and was a decided success.
There are 42 trained voices in the Ta
coma Saengerbund. A large number of
friends of the singers were present and
all were enthusiastic over the prospects
of the .local, society's wiccess at Portland.
Owing to the large number of people
who are going to the Saengerfest from
Tacoma It was found necessary to give
this city & special train. It was orig
inally intended that the societies from
the state should meet in Tacoma and pro
ceed in a special to Portland, but accord
ing to the present arrangements the Ta
coma singers will have a train to them
selves. The special Is now being decorated
with the society colors, blue and white,
and will be ready for the trip tomorrow
The train will leave at 12:S o'clock P.
3L tomorrow and arrive in Portland at
6:30 P. M. On arriving at Portland the
singing societies will march to Turn
Halle, where an Informal reception will
be held and refreshments served.
Troop ANcrlBg the Exposition
OREGON CITY. Or., July 19. (Special.)
Troop A, Cavalry. Oregon National
Guard, on the way from Lebanon to the
Lewis and Clark Exposition, parsed
through Oregon City this afternoon.
If Safer Xs M(tec Tatta,
,B4 MH M M HUt M tM rtttMlBMO,
Xnc "WHmIsW fBStMac Sf-rvst. r iWMnt
,lMMar. Jr. wm&tm ska aktttC whni ta vesta.
lUr a. Mis, mtm via 4 eUir..v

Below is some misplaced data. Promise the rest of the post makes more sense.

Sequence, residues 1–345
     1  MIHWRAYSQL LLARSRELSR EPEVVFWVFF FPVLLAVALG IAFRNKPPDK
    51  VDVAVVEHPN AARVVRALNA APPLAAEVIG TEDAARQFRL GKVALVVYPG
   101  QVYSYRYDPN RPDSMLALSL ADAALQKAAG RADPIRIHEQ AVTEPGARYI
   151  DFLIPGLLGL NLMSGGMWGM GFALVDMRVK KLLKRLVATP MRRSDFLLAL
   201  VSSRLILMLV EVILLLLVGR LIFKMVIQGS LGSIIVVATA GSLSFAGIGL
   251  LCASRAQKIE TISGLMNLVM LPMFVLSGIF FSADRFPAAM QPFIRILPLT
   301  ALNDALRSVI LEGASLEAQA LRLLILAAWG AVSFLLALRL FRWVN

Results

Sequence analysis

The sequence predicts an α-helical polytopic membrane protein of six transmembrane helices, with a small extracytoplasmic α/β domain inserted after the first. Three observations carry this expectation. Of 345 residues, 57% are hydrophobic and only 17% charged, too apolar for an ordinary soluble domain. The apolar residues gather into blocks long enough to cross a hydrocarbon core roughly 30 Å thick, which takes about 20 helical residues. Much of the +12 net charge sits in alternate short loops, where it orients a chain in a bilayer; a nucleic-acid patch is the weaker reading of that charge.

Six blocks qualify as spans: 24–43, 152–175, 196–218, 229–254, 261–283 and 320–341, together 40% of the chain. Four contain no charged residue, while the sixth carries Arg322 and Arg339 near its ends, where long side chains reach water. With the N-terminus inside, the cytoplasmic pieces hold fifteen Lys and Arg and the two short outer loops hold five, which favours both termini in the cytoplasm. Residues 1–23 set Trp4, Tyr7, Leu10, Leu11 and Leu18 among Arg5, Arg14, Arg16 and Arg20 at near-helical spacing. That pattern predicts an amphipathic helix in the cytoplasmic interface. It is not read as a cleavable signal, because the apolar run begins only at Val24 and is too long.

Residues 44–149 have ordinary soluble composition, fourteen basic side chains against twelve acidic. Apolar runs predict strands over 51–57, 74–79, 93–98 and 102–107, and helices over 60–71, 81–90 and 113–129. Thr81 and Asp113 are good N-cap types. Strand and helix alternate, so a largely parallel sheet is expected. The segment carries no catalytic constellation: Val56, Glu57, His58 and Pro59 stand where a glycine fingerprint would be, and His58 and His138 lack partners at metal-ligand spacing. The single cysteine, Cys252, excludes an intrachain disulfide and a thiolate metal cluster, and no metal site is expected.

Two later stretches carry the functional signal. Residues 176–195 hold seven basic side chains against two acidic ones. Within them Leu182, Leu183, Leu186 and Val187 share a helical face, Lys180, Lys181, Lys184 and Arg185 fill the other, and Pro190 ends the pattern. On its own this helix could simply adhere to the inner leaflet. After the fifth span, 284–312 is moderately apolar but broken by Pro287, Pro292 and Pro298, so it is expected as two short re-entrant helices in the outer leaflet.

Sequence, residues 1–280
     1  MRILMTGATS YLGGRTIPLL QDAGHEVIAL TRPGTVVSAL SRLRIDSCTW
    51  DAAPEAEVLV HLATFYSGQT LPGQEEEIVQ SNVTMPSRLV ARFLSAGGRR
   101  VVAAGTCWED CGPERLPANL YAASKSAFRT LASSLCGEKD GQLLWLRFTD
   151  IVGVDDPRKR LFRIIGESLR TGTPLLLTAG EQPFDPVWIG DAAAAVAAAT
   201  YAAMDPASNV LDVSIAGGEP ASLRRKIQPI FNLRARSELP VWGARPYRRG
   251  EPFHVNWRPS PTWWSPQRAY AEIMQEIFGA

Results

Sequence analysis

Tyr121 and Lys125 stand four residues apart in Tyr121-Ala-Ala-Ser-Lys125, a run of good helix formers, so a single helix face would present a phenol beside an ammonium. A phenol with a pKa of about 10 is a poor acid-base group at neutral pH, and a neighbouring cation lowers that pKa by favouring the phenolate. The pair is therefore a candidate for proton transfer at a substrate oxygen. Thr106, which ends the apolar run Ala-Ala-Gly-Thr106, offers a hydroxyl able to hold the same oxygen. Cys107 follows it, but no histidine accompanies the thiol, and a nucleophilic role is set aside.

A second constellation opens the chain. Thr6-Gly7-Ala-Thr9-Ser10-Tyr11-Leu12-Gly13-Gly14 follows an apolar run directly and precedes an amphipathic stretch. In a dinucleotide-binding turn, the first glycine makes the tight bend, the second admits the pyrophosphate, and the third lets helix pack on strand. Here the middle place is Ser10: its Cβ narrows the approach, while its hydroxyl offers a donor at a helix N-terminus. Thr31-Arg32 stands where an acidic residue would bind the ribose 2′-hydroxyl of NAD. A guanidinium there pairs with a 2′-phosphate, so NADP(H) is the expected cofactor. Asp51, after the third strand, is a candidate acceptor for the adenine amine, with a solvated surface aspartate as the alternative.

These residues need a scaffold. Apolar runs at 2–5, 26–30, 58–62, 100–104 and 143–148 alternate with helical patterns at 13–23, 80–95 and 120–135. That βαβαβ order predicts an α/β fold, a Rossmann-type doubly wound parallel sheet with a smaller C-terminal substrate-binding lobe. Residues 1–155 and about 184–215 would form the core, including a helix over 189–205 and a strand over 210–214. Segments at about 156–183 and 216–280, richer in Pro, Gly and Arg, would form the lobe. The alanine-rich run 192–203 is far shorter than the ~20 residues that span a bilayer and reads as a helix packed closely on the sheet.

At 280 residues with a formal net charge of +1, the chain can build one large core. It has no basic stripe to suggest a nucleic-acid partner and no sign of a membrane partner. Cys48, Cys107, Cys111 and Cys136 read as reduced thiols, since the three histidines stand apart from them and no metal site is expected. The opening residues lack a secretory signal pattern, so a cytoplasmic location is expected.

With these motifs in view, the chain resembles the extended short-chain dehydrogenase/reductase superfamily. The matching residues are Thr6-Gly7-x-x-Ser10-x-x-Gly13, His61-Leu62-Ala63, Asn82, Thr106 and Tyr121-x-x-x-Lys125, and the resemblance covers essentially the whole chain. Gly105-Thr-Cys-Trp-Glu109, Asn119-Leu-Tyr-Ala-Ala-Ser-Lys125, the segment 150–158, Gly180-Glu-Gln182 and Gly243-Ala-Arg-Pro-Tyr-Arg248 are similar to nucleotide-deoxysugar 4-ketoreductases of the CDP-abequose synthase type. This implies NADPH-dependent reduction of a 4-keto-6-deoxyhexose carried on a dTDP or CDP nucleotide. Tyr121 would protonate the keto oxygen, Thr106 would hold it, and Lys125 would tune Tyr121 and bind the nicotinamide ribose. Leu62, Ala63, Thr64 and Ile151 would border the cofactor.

Mi HONOR TO GOO
Handsomest County Building
STATE PRIDE COMMENDED
Ceremonies at Pavilion Marked With
Enthusiasm Large Delegation
ofCoos County People
Coos County furnished an admirable ex
ample of state pride yesterday when the
building, erected by this Southern Oregon
district, was formally dedicated. The
ceremonies were attended by hundreds of
people, among whom were many- from .Coos
qpunty who made the long trip to Port
land for the express purpose of being
present at the dedication. Although
Isolated -and Its products, for the .most
LBBk9sSsn'aH ' VBPOTlBBBBBBBBBTBTBBBBsLLri
HOME OF COOS COCNTY AT T1IK FAIIt.
part, find markets In California. Coos
Count' is loyal to Oregon. Pride In Ore
gon Is so strong that its people were not
satisfied to decorate a booth in the Agri
cultural building .as other counties of the
state have done, but erected a structure.
Coos County has the best exhibit of any
county participating in the Exposition,
either of "Washington or Oregon. The Coos
County people did not make such a won
derful exhibit solely because of the spirit
of aggressiveness and the desire to excel
all other counties; It was made partly be
cause they wanted to sec the Lewis and
Clark Exposition a- success, and knew
that In helping the Fair they were help
The proud but modest citizens from
Coos County held the exercises at 11
o'clock yesterday morning. They did not
say much about their own building; they
let the others do that. Instead, they told
of Coos County, of Its resources. Its
future, and of their pride in Oregon ana
H. G. Topping, of Bandon. presided.
President Jefferson Myers, of the Oregon
State Commission, delivered an address.
He was eloquent. In thanking the people
of Coos Bay for their representation at
the Exposition. "You have the most won
derful county In the state." said President
Myers. "You are a big people; your In
terests are big. Your little county, miles
from any railroad, has done more at this
Exposition than any state east of the
Rocky Mountains. This beautiful build
ing should be maintained forever."